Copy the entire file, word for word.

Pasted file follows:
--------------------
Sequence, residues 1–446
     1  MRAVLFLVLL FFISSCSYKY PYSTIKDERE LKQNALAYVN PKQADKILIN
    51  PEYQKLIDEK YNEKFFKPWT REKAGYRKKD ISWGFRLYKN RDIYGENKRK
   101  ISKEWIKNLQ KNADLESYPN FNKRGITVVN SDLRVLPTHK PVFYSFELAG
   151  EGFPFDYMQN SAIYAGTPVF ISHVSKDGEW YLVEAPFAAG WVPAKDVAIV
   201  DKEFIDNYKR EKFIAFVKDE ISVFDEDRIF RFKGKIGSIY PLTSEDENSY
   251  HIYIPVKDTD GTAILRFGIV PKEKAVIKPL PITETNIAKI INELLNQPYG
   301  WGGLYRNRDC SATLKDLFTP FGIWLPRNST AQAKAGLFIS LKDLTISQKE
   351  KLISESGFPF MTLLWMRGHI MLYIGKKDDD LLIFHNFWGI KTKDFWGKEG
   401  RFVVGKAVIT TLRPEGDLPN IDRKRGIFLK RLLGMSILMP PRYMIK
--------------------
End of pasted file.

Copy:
Sequence, residues 1–446
     1  MRAVLFLVLL FFISSCSYKY PYSTIKDERE LKQNALAYVN PKQADKILIN
    51  PEYQKLIDEK YNEKFFKPWT REKAGYRKKD ISWGFRLYKN RDIYGENKRK
   101  ISKEWIKNLQ KNADLESYPN FNKRGITVVN SDLRVLPTHK PVFYSFELAG
   151  EGFPFDYMQN SAIYAGTPVF ISHVSKDGEW YLVEAPFAAG WVPAKDVAIV
   201  DKEFIDNYKR EKFIAFVKDE ISVFDEDRIF RFKGKIGSIY PLTSEDENSY
   251  HIYIPVKDTD GTAILRFGIV PKEKAVIKPL PITETNIAKI INELLNQPYG
   301  WGGLYRNRDC SATLKDLFTP FGIWLPRNST AQAKAGLFIS LKDLTISQKE
   351  KLISESGFPF MTLLWMRGHI MLYIGKKDDD LLIFHNFWGI KTKDFWGKEG
   401  RFVVGKAVIT TLRPEGDLPN IDRKRGIFLK RLLGMSILMP PRYMIK